While more language-centred conceptions of communication, such as those of pragmatics and discourse analysis, focus on abstract units of linguistic and contextual meaning – illocutions, implicatures, negotiation of meaning episodes, face-threat mitigation, etc. – pedagogies rooted in multimodality and multiliteracies stress meaning as it relates to learner (and indeed teacher) identities: “There is growing recognition that when a learner engages in textual practices, both the comprehension and the construction of the text are mediated by the learner’s investment in the activity and the learner’s identity” (Norton 2013: 24–25). Thorne et al. (2015) review work on identity in educational and non-institutional contexts. Relatively few of the studies they discuss are concerned with synchronous communication per se, though certainly there are synchronous functions to be found in the social networking sites, online fandom communities and multiplayer games researchers have examined.

The notion of “target competence” in relation to SCMC has encompassed certain linguistic peculiarities of SCMC, the appropriate use of emoticons, the oddities of turn-taking, the pragmatics of anonymous interaction, and so on. Today’s researchers are just as likely to identify as target competences the exercise of agency online, and the ability to construct and perform identity through multiple semiotic resources (see, e. g., Wigham in this issue). This reflects an anti-reductionist turn in applied linguistics broadly linked to the “social turn” (Block 2003; Firth and Wagner 1997), and it must be conceded that constructs like these are not easily defined, observed and measured. What they lack in concreteness they seek to make up for in the kind of depth, complexity, nuance – in short, realism – that an applied field must ultimately concern itself with.

3.3 Facilitating dialogue

Computer-mediated communication is of course principally a means of bringing people together. Its learning affordances presuppose its function as a virtual setting for pedagogical interaction between learners, or between learners and teachers. A great deal of the research focusing on interaction per se in language learning has examined communication within established, local class groups, i. e., among learners already acquainted with each other, frequently sitting in the same room while they interact via SCMC. There is necessarily something artificial about such set-ups, though probably no more artificial than other, more common classroom activities such as role plays or information-gap tasks. Clearly the supposition, for both the teacher and the students, must be that SCMC promises some kind of added value through its affordances, because otherwise, why not simply talk? An early research finding was the apparent equalisation of participation across individual students compared to face-to-face classrooms (Fitze 2006; Kern 1995), with usually reticent students more inclined to contribute. Peterson (2010) and Collentine (2010) discuss the affordances of SCMC for task-based dialogue in SCMC, and in the same collection (Thomas and Reinders 2010) Stockwell (2010) addresses the role of multimodality in in-class SCMC.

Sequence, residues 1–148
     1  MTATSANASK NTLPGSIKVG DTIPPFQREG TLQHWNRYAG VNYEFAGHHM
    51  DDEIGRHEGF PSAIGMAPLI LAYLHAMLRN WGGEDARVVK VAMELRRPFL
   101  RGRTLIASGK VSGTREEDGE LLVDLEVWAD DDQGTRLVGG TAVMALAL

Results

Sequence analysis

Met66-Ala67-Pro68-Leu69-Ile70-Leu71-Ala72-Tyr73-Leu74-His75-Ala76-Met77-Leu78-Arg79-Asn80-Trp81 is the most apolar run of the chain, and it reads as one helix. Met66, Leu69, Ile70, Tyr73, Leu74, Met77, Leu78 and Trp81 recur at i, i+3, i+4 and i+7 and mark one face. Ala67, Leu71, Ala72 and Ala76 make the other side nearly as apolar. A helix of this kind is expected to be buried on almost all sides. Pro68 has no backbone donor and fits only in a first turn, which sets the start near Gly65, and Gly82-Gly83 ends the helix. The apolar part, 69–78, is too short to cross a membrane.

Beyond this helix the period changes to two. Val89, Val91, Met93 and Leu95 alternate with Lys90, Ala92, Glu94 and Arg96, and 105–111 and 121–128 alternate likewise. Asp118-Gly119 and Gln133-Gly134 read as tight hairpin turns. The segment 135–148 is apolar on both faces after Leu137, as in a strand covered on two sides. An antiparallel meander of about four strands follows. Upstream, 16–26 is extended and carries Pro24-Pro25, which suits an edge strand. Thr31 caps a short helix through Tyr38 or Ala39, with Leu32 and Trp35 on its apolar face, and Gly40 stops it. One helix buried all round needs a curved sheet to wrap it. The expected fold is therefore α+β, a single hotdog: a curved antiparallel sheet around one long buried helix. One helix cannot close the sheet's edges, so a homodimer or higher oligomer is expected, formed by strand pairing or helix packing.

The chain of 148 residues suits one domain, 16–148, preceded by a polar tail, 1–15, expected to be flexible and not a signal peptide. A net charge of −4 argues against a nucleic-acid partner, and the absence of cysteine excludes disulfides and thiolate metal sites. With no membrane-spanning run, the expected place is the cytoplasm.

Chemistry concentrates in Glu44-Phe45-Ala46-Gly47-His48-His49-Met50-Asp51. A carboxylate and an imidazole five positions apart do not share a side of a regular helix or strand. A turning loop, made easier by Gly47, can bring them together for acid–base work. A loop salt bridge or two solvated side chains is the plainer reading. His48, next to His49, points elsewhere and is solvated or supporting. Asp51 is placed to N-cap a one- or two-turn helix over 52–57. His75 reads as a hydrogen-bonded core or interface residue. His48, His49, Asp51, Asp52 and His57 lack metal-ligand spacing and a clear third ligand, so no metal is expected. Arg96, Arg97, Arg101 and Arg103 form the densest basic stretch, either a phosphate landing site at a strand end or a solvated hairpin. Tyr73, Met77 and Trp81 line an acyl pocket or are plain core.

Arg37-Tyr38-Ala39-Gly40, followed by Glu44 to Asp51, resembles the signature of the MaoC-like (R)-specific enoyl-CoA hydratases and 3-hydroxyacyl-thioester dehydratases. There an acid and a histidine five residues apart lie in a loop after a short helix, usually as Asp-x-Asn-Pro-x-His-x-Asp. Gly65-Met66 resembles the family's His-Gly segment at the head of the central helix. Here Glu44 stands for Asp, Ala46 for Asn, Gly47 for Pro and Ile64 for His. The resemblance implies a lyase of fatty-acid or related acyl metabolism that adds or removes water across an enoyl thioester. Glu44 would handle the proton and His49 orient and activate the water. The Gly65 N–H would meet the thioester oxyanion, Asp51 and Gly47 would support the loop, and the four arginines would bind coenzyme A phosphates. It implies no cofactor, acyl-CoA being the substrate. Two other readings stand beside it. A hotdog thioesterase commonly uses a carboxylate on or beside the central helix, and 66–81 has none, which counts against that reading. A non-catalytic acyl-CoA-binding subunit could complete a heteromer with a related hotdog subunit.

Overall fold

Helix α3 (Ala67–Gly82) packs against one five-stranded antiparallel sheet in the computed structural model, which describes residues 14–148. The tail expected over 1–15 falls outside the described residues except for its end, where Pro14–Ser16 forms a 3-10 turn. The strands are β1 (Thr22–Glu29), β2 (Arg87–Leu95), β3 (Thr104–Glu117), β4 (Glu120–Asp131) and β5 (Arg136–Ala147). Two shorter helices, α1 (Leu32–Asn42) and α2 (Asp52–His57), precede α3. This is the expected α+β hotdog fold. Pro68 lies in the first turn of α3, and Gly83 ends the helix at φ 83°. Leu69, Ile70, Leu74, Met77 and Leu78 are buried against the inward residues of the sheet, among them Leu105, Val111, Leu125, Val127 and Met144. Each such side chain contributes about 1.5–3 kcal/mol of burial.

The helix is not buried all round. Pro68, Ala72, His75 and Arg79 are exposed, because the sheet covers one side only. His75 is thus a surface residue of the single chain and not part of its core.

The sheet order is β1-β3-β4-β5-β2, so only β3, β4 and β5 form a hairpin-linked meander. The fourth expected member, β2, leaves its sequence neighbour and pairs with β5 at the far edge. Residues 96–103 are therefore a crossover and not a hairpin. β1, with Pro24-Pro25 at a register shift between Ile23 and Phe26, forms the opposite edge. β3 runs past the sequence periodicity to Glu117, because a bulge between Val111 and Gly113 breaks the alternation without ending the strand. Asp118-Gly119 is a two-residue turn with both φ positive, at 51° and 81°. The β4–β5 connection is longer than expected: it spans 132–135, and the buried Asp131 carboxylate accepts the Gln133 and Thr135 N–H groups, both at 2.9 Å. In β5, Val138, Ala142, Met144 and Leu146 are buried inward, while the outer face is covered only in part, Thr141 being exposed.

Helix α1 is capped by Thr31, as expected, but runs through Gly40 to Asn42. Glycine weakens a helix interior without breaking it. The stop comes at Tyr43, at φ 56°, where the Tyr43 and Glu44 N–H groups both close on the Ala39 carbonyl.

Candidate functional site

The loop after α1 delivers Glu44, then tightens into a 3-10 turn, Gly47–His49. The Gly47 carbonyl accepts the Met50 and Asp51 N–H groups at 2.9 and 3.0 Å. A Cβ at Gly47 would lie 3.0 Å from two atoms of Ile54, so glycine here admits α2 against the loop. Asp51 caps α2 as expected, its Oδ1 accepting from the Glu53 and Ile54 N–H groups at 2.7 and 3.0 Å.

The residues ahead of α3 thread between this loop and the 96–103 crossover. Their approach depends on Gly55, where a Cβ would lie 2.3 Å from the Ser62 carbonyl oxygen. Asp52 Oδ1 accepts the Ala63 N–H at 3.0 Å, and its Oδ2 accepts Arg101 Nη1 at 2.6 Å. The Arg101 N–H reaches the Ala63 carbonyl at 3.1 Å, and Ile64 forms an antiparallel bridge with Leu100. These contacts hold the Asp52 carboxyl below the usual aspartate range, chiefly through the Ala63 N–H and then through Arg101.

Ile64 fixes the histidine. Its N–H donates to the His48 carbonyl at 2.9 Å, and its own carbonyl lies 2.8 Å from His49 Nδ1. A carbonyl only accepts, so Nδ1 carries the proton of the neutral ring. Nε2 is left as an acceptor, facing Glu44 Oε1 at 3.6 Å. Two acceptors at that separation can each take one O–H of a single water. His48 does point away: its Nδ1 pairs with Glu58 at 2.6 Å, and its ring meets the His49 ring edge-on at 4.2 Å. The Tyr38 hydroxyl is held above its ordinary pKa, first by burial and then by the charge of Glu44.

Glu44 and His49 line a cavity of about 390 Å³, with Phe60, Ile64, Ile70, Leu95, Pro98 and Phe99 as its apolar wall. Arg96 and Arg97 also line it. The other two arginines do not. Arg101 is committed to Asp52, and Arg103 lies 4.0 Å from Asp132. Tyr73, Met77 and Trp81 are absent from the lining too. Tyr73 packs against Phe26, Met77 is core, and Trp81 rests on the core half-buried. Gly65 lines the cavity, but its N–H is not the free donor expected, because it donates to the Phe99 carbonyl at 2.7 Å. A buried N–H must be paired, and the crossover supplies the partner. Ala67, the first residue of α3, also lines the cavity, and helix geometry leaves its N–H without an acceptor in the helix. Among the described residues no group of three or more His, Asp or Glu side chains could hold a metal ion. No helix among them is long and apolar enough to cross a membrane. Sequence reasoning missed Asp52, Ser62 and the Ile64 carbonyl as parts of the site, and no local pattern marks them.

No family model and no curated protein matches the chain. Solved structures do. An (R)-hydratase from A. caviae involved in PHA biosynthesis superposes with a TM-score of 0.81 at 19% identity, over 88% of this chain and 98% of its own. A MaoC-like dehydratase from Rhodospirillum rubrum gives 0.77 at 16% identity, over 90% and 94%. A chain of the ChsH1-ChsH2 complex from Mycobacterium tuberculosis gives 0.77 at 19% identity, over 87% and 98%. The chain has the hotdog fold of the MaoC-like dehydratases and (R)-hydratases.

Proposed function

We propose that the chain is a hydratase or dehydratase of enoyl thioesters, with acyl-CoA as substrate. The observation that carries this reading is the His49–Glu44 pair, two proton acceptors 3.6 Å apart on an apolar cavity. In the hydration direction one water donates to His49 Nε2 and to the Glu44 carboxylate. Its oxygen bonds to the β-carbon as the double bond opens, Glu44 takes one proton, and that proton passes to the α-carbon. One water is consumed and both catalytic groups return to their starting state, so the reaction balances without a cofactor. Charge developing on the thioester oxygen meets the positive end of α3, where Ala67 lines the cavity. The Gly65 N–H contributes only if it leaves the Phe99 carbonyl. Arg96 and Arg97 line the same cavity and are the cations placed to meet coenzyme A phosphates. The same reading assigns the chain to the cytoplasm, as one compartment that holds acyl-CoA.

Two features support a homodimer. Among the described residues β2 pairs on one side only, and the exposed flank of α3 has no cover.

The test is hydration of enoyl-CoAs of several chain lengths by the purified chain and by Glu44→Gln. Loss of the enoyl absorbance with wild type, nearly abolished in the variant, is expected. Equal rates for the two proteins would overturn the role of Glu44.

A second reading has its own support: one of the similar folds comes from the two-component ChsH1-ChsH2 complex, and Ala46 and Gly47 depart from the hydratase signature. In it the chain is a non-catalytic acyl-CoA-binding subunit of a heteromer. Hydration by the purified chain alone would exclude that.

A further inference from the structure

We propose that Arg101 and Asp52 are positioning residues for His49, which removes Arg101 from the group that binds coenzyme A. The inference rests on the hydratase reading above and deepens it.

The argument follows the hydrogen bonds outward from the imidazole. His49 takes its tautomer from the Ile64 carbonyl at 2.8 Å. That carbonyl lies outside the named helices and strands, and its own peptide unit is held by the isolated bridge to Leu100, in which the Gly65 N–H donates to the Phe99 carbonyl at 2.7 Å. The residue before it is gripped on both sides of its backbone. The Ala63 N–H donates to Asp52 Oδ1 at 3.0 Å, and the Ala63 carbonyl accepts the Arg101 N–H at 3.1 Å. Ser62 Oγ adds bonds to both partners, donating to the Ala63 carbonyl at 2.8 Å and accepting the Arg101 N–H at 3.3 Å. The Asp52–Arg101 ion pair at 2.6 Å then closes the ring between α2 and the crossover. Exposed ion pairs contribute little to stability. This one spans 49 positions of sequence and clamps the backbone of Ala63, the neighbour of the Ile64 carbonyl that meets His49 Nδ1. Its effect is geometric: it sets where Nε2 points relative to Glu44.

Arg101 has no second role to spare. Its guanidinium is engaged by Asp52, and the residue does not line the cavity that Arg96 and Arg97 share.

In these situations, a technology designed for distance communication is employed for communication between learners who are personally, culturally, and even physically close to one another. In contrast, the burgeoning area of what is variously known as telecollaboration, virtual exchange, or online intercultural exchange, involves learners of different languages and cultures, usually in different geographic locations, meeting to engage in learning dialogue which otherwise would not have happened (Guth and Helm 2010; O’Dowd 2011; O’Dowd 2016). Though virtual exchange often involves a mix of asynchronous and synchronous activities, it tests synchronous communication to its limits. The key questions shift from ones of language, discourse, and pragmatics, to ones of interpersonal and content engagement: can synchronous mediated communication support interpersonal, interlingual, intercultural encounters? Is a truly shared learning experience possible over a computer network? Is the medium rich enough to convey the nuances of meaning essential in such potentially high-stakes interactions?

Virtual exchange has many possible applications: preparation for physical student mobility; virtual student mobility in cases where physical mobility is impossible; practice for international professional collaboration; training in intercultural communication; and as one element in blended language or intercultural courses, among many other things things (see, e. g., Fernandez and Pozzo in this issue). Perhaps most urgently, it is being deployed to promote international understanding through projects like Soliya, whose mission is “to empower young people to establish more effective, cooperative, and compassionate relations within and between their societies by providing high quality global education that combines the power of dialogue with the reach of new media technologies” (www.soliya.net), and the Sharing Perspectives Foundation (“to initiate, stimulate and facilitate international cross-cultural dialogue and collaboration to foster knowledge and understanding by utilizing new online communication platforms”; www.sharingperspectivesfoundation.com). Recent developments in telecollaboration in higher education include the launch of the UniCollaboration organisation (www.unicollaboration.org), its associated online platform supporting telecollaborative partnerships (uni-collaboration.eu), and a biannual conference series on telecollaboration in higher education.